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Press Release 13-069
Where Does Charcoal, or Black Carbon, in Soils Go?

Scientists find surprising new answers in wetlands such as the Everglades

Back to article | Note about images

Charred boreal forest after a fire

Charred boreal forest after a fire has raged: where does the "charcoal" go?

Credit: Stefan Doerr, Swansea University


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burning charcoal

The familiar look of charcoal; some charcoal is generated by wildfires and burning fossil fuels.

Credit: Wikimedia Commons


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Alaska forest fire near NSF's Bonanza Creek LTER site

Alaska forest fire near NSF's Bonanza Creek LTER site; fires leave charcoal, or black carbon.

Credit: Stefan Doerr, Swansea University


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Florida Coastal Everglades LTER site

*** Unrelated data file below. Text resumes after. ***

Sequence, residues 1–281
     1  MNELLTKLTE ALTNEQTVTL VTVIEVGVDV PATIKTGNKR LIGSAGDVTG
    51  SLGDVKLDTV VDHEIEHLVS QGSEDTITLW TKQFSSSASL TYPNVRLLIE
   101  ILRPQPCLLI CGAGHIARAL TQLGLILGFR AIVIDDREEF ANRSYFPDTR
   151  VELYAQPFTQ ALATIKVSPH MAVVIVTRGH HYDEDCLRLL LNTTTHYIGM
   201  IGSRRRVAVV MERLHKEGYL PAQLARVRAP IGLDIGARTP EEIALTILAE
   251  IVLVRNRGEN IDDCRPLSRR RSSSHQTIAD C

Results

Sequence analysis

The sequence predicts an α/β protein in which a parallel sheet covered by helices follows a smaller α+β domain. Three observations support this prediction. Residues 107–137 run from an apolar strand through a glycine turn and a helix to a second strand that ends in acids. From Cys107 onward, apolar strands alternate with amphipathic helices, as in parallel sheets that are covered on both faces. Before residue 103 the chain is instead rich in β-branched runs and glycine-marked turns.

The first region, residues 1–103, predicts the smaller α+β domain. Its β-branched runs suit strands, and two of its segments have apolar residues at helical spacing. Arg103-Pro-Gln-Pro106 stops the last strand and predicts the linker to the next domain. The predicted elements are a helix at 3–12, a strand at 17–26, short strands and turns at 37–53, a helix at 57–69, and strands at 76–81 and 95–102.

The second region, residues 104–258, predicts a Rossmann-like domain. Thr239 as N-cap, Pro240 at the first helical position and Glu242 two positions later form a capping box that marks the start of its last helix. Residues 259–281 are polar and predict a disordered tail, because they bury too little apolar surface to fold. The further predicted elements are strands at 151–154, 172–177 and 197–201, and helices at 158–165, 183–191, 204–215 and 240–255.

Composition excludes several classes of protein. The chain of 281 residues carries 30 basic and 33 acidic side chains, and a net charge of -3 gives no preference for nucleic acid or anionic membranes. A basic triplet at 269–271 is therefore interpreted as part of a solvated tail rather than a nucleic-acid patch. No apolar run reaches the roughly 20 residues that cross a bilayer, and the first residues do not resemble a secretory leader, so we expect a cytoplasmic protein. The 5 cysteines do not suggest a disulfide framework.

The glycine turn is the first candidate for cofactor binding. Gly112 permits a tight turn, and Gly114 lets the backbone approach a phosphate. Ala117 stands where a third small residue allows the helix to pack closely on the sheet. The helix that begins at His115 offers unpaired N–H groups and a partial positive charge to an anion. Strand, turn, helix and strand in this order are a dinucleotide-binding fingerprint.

At NSF's Florida Coastal Everglades LTER site, charcoal is part of the dissolved organic carbon.

Credit: Wikimedia Commons


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Everglades wetlands as seen under water

Charcoal, or black carbon, makes its way through Everglades wetlands and to the sea.

Credit: NSF Florida Coastal Everglades LTER Site


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cover of Science magazine

The researchers' findings are described in the April 19 issue of the journal Science.

Credit: Copyright AAAS 2013


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